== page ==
Students and faculty weren’t on campus this past December when Cal State Fullerton quietly closed its WoMen’s and Adult Re-entry Center.
Rebecca Dolhinow, a professor in the Women and Gender Studies Department, found out about it through passing comments at a Zoom meeting. When it finished, she emailed her colleagues to learn more.
“What do you mean it’s closed?” they wrote back. “What do you mean it’s gone?”
The center provided programming to support women, LGBTQ+, and nontraditional students, like parents and those who transfer to the university past the age of 25.
The surprised faculty took these questions to university leadership. In response, Cal State Fullerton administrators said they dissolved the center “in accordance” with a CSU-wide executive order issued in June … 2015. It also said that all resources and services provided by the center would be “absorbed by campus departments” and that everyone who’d worked there had been reassigned.
Concerned students and faculty, including those who had partnered with the center for years, were perplexed by the university’s messaging.
Karyl Ketchum, who chairs the Women and Gender Studies Department, noted that the executive order does say advocates for sexual assault victims “should not be housed in a women’s center, as some victims are men or gender-nonconforming,” and they “might not be comfortable seeking assistance in a women’s center.”
Confidential advocates support students and employees affected by sexual assault, stalking, harassment, and other forms of violence. Typically, these advocates offer safety planning; accompaniment to medical exams and law enforcement interviews; and referrals to resources on and off campus.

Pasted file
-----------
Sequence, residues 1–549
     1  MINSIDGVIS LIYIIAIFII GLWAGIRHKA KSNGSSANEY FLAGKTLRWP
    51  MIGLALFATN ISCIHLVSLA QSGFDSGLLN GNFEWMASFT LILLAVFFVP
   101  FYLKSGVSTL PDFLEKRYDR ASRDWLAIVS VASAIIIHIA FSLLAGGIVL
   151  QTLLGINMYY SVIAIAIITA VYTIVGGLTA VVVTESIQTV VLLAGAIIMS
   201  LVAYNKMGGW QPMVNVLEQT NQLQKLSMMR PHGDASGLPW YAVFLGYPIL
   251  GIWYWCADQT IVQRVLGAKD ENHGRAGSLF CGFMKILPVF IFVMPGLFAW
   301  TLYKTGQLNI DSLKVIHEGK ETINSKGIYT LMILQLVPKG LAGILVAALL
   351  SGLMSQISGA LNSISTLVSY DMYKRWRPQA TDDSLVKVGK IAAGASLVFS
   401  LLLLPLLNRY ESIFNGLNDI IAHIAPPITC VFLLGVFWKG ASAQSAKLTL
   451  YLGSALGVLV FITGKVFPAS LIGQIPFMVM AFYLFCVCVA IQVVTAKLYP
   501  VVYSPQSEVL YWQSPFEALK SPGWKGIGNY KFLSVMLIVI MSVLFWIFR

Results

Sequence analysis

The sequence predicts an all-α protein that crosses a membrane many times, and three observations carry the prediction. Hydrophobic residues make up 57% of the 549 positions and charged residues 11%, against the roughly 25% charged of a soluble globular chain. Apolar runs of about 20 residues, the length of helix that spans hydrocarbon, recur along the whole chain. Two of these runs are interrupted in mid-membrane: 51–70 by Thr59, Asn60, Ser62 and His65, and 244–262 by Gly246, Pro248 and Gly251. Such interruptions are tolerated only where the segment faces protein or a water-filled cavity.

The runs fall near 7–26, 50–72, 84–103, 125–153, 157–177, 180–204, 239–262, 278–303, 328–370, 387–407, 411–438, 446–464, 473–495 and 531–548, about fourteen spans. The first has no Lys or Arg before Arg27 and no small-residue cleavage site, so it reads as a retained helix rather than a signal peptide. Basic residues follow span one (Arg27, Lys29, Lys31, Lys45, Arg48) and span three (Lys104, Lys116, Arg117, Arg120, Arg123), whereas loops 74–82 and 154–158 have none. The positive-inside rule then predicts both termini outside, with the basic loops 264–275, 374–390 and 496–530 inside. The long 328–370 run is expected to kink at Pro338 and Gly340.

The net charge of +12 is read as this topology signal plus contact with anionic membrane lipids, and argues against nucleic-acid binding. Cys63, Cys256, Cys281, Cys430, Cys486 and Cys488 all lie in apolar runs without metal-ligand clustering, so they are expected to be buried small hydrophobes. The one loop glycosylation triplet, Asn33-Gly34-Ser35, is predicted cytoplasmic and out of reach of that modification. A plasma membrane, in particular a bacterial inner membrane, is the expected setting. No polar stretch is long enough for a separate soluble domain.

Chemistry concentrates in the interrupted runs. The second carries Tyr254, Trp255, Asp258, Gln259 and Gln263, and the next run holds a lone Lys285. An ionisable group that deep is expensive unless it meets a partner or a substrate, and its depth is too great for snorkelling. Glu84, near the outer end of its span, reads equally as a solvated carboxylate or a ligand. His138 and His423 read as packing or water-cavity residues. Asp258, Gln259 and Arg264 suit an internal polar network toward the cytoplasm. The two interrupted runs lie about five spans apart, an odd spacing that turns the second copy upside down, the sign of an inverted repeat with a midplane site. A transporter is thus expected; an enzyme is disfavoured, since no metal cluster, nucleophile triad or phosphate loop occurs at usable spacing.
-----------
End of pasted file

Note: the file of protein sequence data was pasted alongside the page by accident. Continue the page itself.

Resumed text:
But the executive order says nothing about dissolving women’s centers, Ketchum added. It also didn’t trigger closures at other campuses.
Today, at least 10 of the 23 campuses in the CSU system have a women’s center. In fact, one of them is constructing a new site, and several others have something comparable.
Most of these centers date back to the 1970s and are products of ongoing student and faculty activism. They’re also routinely subject to budget cuts and administrative whims. Far from being an isolated incident, Cal State Fullerton’s decision to close its women’s center is part of a long, embattled demand for these spaces at CSU campuses.
CSU women’s centers have become associated with efforts to prevent sexual and gender-based violence. This is partly because of their ties to events like Take Back the Night, where survivors recount their experiences in a public forum and participants rally in their support.
“For a long time, I was very silent about what happened to me,” said India Sanders, a third-year psychology major at Cal State Dominguez Hills. She served as a volunteer at her campus’ Take Back The Night in April. Following a public share-out, she joined other students as they marched through campus, chanting phrases decrying sexual violence.
“All these different chants, [they] encouraged me and actually gave me a voice to scream it out, let the world know: I’m a survivor, and I’m very strong,” she said.
What Do Women’s Centers Provide?
From their inception, women’s centers have provided services and programs to address a wide range of issues, from access to menstrual products to salary negotiation. The centers also host a plethora of events, including workshops, book clubs, film screenings, conferences, and retreats. At some schools, they house lactation rooms for students who are breastfeeding.